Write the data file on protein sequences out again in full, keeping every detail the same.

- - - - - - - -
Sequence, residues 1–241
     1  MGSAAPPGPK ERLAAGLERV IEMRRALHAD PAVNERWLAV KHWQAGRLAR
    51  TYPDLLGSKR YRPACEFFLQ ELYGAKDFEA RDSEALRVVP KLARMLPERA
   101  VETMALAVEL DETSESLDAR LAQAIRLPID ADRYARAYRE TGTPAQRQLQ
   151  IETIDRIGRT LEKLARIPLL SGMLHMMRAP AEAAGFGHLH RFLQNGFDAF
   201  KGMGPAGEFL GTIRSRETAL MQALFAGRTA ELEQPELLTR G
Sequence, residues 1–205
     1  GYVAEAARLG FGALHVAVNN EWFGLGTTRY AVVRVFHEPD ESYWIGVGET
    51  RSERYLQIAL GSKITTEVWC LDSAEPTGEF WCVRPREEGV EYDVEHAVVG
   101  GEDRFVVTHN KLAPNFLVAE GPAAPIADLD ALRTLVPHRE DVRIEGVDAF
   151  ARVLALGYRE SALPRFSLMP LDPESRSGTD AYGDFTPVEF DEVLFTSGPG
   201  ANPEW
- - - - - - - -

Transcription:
Sequence, residues 1–241
     1  MGSAAPPGPK ERLAAGLERV IEMRRALHAD PAVNERWLAV KHWQAGRLAR
    51  TYPDLLGSKR YRPACEFFLQ ELYGAKDFEA RDSEALRVVP KLARMLPERA
   101  VETMALAVEL DETSESLDAR LAQAIRLPID ADRYARAYRE TGTPAQRQLQ
   151  IETIDRIGRT LEKLARIPLL SGMLHMMRAP AEAAGFGHLH RFLQNGFDAF
   201  KGMGPAGEFL GTIRSRETAL MQALFAGRTA ELEQPELLTR G
Sequence, residues 1–205
     1  GYVAEAARLG FGALHVAVNN EWFGLGTTRY AVVRVFHEPD ESYWIGVGET
    51  RSERYLQIAL GSKITTEVWC LDSAEPTGEF WCVRPREEGV EYDVEHAVVG
   101  GEDRFVVTHN KLAPNFLVAE GPAAPIADLD ALRTLVPHRE DVRIEGVDAF
   151  ARVLALGYRE SALPRFSLMP LDPESRSGTD AYGDFTPVEF DEVLFTSGPG
   201  ANPEW